Author Ava Pennington
Author Ava Pennington
shed snake skin

 

Time to Shed My Snake Skin

 

I found an unwelcome surprise outside my front door a few weeks ago: a two-foot-long shed snake skin.

Of course, I posted a photo on social media—not much else excitement during these days of pandemic “sheltering at home.”

Comments included this observation from a friend:

“With all the FL sun damage to my skin, I can’t help but think, wouldn’t it be nice if humans could do likewise.”

Hmmm…not a bad idea. After all, the beauty industry has been offering chemical facial peel products for years to help us “shed” our skin. But what if we took that wish a step further. What if our shedding didn’t stop with skin?

The Bible does tell us to, “put off your old self, which belongs to your former manner of life and is corrupt through deceitful desires, and to be renewed in the spirit of your minds, and to put on the new self, created after the likeness of God in true righteousness and holiness” (Ephesians 4:22-24 ESV).

It’s not an easy process, is it? That “old self” doesn’t go willingly. And it’s certainly not something we simply wriggle out of. No, the old self clutches us in a death grip (literally!), refusing to go without a fight. Regardless of how hard we try and no matter how determined we are to change—”to put on the new self”—we fail.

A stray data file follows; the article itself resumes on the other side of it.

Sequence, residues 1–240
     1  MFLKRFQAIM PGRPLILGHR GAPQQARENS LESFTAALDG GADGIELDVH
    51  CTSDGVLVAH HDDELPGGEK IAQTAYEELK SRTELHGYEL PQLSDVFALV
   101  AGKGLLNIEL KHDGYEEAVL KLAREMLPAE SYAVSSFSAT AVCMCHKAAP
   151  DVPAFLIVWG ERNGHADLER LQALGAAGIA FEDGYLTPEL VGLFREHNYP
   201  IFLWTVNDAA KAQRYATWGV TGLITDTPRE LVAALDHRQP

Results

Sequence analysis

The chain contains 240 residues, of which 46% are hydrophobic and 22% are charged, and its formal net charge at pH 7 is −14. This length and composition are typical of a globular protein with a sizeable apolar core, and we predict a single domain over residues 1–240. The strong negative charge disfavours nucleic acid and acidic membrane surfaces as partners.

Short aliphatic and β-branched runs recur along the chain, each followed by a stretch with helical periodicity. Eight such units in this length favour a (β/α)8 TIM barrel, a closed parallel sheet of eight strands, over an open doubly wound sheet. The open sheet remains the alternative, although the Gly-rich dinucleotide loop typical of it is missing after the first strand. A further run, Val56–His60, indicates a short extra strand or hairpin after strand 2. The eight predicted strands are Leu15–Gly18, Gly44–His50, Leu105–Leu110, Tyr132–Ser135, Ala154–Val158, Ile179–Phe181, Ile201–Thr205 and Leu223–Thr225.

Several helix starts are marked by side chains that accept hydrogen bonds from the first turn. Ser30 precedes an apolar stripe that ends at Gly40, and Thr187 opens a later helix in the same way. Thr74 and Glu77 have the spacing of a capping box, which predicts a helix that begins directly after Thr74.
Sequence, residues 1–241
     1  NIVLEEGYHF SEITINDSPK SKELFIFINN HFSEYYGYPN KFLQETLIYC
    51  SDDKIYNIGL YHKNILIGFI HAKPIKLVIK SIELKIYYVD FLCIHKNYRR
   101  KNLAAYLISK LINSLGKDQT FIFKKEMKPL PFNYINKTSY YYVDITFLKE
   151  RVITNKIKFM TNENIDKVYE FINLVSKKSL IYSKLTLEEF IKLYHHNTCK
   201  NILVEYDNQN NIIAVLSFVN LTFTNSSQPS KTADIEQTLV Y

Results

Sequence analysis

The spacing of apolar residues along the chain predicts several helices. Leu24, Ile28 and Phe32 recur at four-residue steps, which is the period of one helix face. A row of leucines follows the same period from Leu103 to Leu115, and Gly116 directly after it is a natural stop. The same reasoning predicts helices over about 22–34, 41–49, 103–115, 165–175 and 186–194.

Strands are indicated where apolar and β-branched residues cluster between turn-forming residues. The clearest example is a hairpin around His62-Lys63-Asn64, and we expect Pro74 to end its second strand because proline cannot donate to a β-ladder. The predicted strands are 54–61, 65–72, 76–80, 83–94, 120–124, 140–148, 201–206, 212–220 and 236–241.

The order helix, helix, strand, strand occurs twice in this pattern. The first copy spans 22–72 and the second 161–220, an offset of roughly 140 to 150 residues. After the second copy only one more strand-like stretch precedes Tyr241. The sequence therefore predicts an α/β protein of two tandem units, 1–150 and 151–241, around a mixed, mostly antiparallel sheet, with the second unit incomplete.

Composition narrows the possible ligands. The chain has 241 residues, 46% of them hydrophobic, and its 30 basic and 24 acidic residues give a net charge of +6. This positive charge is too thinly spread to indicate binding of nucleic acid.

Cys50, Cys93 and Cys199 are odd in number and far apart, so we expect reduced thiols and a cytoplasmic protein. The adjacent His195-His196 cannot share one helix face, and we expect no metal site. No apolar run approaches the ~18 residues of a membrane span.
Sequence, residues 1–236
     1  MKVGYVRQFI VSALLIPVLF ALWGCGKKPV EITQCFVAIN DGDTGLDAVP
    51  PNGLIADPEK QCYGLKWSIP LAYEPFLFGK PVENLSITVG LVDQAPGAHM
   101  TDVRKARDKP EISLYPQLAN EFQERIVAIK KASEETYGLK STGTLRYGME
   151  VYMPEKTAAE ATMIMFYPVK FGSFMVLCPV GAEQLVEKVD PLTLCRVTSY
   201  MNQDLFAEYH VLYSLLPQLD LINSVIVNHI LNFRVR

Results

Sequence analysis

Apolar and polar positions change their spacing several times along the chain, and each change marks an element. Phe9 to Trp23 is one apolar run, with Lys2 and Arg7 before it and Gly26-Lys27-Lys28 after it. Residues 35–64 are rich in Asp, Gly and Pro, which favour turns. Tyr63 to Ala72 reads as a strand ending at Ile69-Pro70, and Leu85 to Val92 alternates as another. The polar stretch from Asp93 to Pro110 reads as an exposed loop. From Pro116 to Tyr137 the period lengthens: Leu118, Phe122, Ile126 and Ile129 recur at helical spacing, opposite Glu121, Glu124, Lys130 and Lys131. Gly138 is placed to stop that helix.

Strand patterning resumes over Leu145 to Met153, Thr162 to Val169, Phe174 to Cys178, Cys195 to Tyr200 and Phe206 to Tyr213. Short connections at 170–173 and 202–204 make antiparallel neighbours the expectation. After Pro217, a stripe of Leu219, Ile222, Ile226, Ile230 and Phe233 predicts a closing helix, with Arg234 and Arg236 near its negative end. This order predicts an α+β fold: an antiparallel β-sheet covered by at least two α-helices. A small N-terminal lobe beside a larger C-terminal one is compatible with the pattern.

We fail because if we were able to shed our old nature in our own strength, we wouldn’t need a Savior. We wouldn’t need Jesus.

I’m reminded of a passage from The Voyage of the Dawn Treader, Book 3 in the Chronicles of Narnia by C.S. Lewis. Eustace, a boy enchanted into a dragon recounts how he changed back into a boy:

“I started scratching myself and my scales began coming off . . . . and instead of just scales coming off here and there my whole skin started peeling off beautifully . . . . I looked down and saw that it was all hard and rough and wrinkled and scaly just as it had been before . . . So I scratched and tore again and this under skin peeled off beautifully . . . . and exactly the same thing happened again . . . . so I scratched away for a third time . . . . but I knew it had been no good.”

Eustace learned the hard way that he could not change himself. He had to allow the lion, Aslan, to do it for him:

“The very first tear he made was so deep that I thought it had gone right into my heart. And when he began pulling the skin off, it hurt worse than anything I’ve ever felt. The only thing that made me able to bear it was just the pleasure of feeling the stuff peel off . . . . and there was I as soft and smooth as a peeled switch . . . . I’d turned into a boy again.”

The change in you and me comes through surrender. It occurs when we submit to God’s Holy Spirit to change us from the inside out as a result of the salvation found in Jesus Christ. Only He, the “Lion of Judah,” can peel away our old self to reveal the new nature He gives us.

Like Eustace, are you tired of trying to change and repeatedly failing? Are you frustrated with new year’s resolutions that don’t last past February? Will you allow God to do in you what you cannot do for yourself?

A snake can shed its skin, but not change its nature. We, on the other hand, cannot shed our skin, but at God’s doing, our nature can be changed. Not to become a better version of ourselves, but to become a new creation.

Say yes to the kind of shedding only God can initiate and complete in you and me!

 

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